When I was at uni, there were a lot of girls who spent their time having coffee and cake meetings, getting early nights and talking about cross-stitch or god (I went to a Christian college, due to an administrative error). They pretty much all got married before the age of 23, which is great because they were really happy, but I still wanted to yell: 'Why have you decided to be old now, when you have your whole life to be old? You're going to have nothing to look forward to when you're an old person! You'll just get decrepit without having the benefit of relaxing into boredom and monotony, because you're already there!'. In your twenties, I firmly believe that you should live like you're in your twenties. I don't mean you should necessarily do drugs and get drunk and be a dick, but when you look back, aged 40, do you want to say 'Ah yes, my twenties. When I was the hottest and fittest I'll ever be. So glad I spent it navigating washing powder and discussing mortgages with my boyfriend!'. Yeah, you might also be having loads of fun, but I would argue that you don't want ANY talk of washing powder while you're a 20-something. You'll have all the washing powder conversation you'll ever need in the following six decades.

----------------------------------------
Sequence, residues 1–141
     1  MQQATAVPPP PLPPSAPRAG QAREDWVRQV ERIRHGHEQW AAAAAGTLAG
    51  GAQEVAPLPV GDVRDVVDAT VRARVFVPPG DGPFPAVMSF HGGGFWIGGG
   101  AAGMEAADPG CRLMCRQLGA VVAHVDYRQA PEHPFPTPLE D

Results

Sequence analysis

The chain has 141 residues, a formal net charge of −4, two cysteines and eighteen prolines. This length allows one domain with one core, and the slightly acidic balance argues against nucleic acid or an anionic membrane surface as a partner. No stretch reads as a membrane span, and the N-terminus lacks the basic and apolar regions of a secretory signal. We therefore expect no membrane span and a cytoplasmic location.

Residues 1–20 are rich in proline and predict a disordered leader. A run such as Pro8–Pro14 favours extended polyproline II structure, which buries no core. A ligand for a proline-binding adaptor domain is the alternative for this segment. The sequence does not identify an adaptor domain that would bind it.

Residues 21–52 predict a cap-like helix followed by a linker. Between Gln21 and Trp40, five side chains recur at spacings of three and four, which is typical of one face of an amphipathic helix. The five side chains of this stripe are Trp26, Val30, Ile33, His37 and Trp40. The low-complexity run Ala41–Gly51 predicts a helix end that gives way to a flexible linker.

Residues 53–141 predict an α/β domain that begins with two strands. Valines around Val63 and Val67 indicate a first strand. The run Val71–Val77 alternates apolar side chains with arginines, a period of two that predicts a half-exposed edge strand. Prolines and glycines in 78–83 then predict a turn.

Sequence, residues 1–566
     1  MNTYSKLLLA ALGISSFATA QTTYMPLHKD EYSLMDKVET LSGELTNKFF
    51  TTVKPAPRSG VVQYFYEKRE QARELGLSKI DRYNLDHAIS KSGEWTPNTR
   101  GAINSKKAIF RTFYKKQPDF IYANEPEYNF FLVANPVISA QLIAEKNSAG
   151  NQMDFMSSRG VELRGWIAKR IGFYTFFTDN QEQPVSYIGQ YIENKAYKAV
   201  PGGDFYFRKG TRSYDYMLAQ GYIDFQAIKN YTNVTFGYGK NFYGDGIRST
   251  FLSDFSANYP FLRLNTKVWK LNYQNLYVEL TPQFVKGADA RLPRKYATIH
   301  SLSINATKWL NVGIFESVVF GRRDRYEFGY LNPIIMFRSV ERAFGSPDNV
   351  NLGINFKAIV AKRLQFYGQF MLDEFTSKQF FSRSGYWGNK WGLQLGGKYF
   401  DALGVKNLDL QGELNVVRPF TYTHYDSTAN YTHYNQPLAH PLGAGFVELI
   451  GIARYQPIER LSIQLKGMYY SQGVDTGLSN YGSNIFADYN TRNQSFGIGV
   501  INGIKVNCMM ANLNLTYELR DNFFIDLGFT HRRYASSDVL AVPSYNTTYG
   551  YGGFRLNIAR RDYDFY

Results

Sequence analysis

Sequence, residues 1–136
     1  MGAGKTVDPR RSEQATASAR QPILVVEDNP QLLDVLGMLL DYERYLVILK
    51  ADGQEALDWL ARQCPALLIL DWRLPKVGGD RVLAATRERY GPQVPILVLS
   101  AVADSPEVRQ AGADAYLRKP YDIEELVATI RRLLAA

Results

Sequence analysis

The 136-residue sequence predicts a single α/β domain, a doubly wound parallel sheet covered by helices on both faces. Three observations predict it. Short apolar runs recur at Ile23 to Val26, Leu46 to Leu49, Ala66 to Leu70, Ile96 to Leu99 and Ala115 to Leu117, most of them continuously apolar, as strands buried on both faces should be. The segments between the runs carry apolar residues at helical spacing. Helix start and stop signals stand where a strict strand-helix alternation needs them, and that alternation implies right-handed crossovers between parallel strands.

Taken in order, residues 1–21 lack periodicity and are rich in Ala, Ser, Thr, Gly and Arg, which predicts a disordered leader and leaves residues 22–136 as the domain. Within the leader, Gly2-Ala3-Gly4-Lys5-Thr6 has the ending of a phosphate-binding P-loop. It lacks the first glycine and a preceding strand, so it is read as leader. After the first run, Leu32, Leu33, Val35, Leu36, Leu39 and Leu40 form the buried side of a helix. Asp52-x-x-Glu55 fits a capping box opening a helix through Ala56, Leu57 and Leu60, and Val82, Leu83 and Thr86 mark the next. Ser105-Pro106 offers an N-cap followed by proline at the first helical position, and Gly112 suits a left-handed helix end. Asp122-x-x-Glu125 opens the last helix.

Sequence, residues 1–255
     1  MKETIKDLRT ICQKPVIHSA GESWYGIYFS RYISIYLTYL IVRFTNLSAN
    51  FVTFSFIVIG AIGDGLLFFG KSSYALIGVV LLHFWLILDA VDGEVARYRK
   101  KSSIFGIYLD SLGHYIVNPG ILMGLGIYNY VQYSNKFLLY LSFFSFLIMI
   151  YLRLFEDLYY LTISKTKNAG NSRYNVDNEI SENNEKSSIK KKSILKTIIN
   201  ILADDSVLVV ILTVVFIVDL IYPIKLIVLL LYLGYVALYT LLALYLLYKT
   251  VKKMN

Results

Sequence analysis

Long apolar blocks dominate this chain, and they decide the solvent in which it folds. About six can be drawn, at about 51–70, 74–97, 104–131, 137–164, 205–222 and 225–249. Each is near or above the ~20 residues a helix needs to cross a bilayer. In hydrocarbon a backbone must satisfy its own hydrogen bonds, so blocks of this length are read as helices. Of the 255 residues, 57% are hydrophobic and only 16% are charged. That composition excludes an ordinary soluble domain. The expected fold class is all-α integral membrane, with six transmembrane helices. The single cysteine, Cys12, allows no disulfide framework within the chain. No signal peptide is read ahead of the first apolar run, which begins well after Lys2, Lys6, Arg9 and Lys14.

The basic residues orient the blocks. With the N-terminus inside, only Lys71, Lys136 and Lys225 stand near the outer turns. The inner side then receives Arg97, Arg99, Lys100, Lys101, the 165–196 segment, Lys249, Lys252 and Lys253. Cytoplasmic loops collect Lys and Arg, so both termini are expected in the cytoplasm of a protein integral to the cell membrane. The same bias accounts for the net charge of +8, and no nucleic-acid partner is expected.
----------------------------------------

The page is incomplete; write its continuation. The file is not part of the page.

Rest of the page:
...You can be a bit gross and nobody will know
I'm gross with my boyfriend. Probably the grossest. But sometimes I don't want him to see me lying on my unmade bed, mixing ketchup in a can of kidney beans and wearing makeup from the night before last. Or I want to go out really late and be able to crash and smash about the place without feeling bad about waking someone up (long suffering housemate aside - but we have separate rooms so it's a bit different). Or I want to cry hysterically because it's all a bit much, and this time I don't want to talk about it. Or I want to veet the crap out of myself. Or I want to get into bed on Friday and stay their all weekend without showering. Or anything that, at that moment, I don't think anyone needs to see. Bearing in mind I've done all of the above with, or in front of, my boyfriend - but sometimes it's nice to do it in private, y'know?